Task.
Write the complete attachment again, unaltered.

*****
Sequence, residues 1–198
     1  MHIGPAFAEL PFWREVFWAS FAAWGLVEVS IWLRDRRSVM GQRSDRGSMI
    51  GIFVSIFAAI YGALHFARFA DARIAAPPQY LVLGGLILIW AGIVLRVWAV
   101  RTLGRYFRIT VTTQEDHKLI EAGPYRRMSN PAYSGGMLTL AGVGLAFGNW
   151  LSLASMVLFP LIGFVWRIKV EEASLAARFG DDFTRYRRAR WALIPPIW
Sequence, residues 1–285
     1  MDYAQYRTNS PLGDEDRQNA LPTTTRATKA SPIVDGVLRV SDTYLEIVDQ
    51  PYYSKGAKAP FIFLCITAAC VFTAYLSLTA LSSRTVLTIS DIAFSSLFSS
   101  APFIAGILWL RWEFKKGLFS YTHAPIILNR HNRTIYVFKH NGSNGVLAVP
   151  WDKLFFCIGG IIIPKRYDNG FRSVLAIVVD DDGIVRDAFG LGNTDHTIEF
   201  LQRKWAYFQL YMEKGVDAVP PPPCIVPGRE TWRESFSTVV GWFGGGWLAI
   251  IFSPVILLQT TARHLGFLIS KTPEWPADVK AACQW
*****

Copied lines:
Sequence, residues 1–198
     1  MHIGPAFAEL PFWREVFWAS FAAWGLVEVS IWLRDRRSVM GQRSDRGSMI
    51  GIFVSIFAAI YGALHFARFA DARIAAPPQY LVLGGLILIW AGIVLRVWAV
   101  RTLGRYFRIT VTTQEDHKLI EAGPYRRMSN PAYSGGMLTL AGVGLAFGNW
   151  LSLASMVLFP LIGFVWRIKV EEASLAARFG DDFTRYRRAR WALIPPIW
Sequence, residues 1–285
     1  MDYAQYRTNS PLGDEDRQNA LPTTTRATKA SPIVDGVLRV SDTYLEIVDQ
    51  PYYSKGAKAP FIFLCITAAC VFTAYLSLTA LSSRTVLTIS DIAFSSLFSS
   101  APFIAGILWL RWEFKKGLFS YTHAPIILNR HNRTIYVFKH NGSNGVLAVP
   151  WDKLFFCIGG IIIPKRYDNG FRSVLAIVVD DDGIVRDAFG LGNTDHTIEF
   201  LQRKWAYFQL YMEKGVDAVP PPPCIVPGRE TWRESFSTVV GWFGGGWLAI
   251  IFSPVILLQT TARHLGFLIS KTPEWPADVK AACQW